All hail the mighty Unimog!
Paul Fisher | 7 July 2019
The Unimog has been a source of fascination ever since I had a Corgi Toy version back in the 1970s. That in itself was a mini-engineering marvel with real suspension that sprung two separate drive axles, rubber tyres and a working tipper. Perfect for delivering sugar lumps across the tea table.
The real thing has been in production by Mercedes-Benz since the 1950s. And what a thing it is. It has just been voted the off-roader of the year by OffRoad in the Special Vehicles category for the fifteenth time in a row.
History of the Mog
- 1945: The former head of Aeroengine Design gets an idea.
- From 1951: production begins Daimler-Benz in Gaggenau
- From 1974: addition of heavy-duty Unimog versions
- From 1992: introduction of the 408/418 series for municipal work
- From 2000: new U 300 – U 500 models
Like other classic off-road vehicles, the Unimog is loved not just because it’s an extremely capable machine but also because of its rugged styling, which has remained largely intact since the first design draft by one Albert Friedrich.
The Unimog kinda looks like a giant toy, maybe that’s the appeal.
Friedrich was head of aero engine design at Daimler-Benz and he put together a team of engineers to turn his sketches into reality.
Large-scale production began in 1948 at the Boehringer factory in Schwäbisch Gmünd, later transferring to Daimlers Gaganau plant in 1951.
From 1953 the Mog officially became a Mercedes-Benz truck and got a shiny star on its grille.
Two years later, the Unimog S was lunched and became popular among armed forces and, later on, also among civilian users, particularly among globetrotters and explorers. Produced until 1980, it became the bestseller in Unimog history.
As requirements became more demanding and diversified, Daimler-Benz expanded the Unimog range by the larger 406 series from 1963 – the one on which the Corgi model was based.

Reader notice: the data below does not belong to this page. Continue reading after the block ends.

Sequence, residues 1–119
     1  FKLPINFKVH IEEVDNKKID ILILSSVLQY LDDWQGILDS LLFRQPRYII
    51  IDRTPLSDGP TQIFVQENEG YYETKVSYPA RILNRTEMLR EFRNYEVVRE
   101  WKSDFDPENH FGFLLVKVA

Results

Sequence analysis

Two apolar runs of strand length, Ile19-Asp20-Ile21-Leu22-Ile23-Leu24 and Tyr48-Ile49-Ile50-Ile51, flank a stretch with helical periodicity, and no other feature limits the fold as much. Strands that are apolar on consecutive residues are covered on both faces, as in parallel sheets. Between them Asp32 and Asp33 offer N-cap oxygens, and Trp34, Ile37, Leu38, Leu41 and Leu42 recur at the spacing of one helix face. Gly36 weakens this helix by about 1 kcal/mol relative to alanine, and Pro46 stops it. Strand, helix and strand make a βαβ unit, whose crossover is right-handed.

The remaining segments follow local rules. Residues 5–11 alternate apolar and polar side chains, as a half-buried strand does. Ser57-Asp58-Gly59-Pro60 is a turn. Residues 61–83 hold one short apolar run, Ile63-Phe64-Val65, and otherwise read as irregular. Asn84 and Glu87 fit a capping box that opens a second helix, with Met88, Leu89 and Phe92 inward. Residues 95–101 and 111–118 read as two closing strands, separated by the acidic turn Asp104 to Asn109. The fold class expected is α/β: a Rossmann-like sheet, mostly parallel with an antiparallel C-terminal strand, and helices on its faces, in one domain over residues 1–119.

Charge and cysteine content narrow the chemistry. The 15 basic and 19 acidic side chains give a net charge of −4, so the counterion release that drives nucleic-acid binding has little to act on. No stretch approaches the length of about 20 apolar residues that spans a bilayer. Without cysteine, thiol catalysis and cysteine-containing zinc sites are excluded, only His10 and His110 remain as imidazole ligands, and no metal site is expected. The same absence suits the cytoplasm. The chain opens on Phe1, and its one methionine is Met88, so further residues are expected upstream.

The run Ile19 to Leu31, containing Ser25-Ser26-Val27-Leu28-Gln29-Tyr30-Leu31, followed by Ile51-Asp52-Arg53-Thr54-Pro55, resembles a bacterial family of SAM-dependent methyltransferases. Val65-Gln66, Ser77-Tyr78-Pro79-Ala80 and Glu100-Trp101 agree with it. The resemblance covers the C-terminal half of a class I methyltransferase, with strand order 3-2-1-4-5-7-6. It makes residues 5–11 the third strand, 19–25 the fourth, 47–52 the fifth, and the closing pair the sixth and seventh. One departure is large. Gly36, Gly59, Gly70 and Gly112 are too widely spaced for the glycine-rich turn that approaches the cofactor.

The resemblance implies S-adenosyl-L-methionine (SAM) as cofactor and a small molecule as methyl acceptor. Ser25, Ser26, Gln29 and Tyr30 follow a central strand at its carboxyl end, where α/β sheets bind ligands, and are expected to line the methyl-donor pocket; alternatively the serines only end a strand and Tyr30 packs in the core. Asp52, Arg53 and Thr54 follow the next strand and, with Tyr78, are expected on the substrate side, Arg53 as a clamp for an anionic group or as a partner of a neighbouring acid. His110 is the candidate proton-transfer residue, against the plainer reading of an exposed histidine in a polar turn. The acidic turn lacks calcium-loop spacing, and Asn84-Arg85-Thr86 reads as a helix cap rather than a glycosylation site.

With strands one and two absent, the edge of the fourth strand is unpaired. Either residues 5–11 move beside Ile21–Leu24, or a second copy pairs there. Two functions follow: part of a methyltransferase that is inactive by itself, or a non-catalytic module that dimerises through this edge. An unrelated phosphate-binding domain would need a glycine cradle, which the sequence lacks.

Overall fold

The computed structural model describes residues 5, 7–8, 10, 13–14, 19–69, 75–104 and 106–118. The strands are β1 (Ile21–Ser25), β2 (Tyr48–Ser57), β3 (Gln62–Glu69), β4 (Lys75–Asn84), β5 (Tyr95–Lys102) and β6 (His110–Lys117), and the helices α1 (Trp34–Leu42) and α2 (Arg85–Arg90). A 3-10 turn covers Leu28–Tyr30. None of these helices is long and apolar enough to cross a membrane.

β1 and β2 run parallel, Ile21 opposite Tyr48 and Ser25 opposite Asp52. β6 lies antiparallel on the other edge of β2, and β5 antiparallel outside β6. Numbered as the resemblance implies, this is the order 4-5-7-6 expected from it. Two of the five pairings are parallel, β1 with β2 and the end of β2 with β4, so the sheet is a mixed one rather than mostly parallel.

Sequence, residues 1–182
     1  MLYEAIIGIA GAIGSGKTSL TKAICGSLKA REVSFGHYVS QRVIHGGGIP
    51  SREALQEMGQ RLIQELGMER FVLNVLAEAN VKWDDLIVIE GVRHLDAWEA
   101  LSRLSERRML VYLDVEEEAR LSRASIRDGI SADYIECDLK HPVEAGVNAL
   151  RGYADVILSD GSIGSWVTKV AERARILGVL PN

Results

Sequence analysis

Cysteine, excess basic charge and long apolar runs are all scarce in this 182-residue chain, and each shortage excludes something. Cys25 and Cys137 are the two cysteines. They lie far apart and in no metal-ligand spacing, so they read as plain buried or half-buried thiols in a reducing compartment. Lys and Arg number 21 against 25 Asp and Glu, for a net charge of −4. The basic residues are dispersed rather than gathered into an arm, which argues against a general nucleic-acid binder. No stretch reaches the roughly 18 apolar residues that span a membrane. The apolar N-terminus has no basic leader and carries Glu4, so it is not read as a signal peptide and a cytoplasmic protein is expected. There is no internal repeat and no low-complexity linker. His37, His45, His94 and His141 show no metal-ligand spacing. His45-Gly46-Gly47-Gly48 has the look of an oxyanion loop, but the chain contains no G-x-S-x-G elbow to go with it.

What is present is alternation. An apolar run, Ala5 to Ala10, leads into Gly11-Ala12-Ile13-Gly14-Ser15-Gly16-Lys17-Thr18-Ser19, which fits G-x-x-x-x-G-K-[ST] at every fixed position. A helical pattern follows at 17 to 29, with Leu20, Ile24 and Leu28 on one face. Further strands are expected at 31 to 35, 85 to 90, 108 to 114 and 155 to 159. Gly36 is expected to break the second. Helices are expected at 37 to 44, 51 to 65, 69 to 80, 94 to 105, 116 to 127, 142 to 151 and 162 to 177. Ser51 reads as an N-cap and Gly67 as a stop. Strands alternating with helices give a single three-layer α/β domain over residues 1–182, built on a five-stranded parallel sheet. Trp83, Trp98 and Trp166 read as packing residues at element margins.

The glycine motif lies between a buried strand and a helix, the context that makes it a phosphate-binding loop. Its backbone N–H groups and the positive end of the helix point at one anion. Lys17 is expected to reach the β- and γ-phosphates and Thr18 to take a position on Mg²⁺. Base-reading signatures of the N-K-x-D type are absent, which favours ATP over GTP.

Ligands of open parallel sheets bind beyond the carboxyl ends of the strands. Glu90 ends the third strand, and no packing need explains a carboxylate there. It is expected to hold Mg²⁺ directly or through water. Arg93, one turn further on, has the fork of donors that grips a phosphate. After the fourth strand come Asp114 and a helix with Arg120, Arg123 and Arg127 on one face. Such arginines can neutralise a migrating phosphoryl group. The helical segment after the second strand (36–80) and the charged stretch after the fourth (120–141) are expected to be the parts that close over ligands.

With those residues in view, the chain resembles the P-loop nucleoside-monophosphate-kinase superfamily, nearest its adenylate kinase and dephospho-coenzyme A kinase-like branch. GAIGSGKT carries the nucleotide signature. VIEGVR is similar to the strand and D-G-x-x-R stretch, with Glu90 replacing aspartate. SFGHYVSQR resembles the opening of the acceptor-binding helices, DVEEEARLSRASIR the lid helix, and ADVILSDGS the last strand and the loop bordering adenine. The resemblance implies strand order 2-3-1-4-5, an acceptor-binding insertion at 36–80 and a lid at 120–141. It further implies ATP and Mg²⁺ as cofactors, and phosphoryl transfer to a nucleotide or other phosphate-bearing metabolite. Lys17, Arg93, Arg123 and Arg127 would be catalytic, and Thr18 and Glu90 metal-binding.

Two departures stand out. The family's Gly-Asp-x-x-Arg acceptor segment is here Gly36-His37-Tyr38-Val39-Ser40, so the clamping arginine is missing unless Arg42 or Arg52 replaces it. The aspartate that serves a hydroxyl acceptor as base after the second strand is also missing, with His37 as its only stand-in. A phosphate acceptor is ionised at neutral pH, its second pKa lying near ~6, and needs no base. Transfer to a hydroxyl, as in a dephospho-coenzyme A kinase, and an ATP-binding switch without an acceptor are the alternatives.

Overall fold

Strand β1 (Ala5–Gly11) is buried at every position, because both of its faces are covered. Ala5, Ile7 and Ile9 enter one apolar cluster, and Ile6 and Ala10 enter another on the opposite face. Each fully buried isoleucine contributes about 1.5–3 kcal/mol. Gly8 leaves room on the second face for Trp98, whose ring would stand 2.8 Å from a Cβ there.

In 1972, Daimler-Benz resumed the original idea of an agricultural vehicle – and for many years, the Unimog was joined by the MB-trac agricultural tractor.
Two years later, the first units from the 425 series – heavy-duty Unimogs for particularly demanding tractor work – came off the assembly lines.
From 1985, Daimler-Benz replaced the entire Unimog range in several steps. A few years later, the top-of-the-range Unimog U 2450 L 6×6 was launched, a three-axle vehicle with an impressive engine output of 177 kW (240 hp).
From 1992, the company offered the new lightweight and medium-duty 408 and 419 series, which were particularly suitable for municipal work.
Shortly afterwards, the special edition Funmog arrived which is the closest the Mog ever came to being a car.
According to Mercedes, the Unimog had been discovered being used as a mobile disco in Japan. “The old battle horse with its advanced engineering, a died-in-the-wool commercial vehicle, was all of a sudden a big hit among youngsters,” says the official history.
Daimler-Benz reacted by launching two Funmogs. One was a pitch-black Mog from the heavy-duty series and, the other a red-metallic unit from the new medium-duty series pictured above).
Both featured plenty of chrome trim and became a sought after cult vehicle for the automotive in-crowd. It was was the blinged up G-Wagen of its day. You will be lucky to find one today, however.
Back to commercial use and the small UX 100, a compact implement carrier, predominantly designed to appeal to municipal authorities was launched in 1996.
The new U 300 – U 500 series
The new Unimog U 300, U 400 und U 500 have been available since 2000 are also tailored to municipal work.
The vehicles combine spectacular looks with a practical as well as attractively designed cab made of fibre composite materials, a driver’s workplace called VarioPilot that can be moved from left to right and back again within seconds, a new VarioPower high-performance hydraulic system and engines with output ratings up to 205 kW (280 hp).
The combination with fixed or interchangeable implements and bodies creates a system that offers exceptional variety, flexibility and productivity.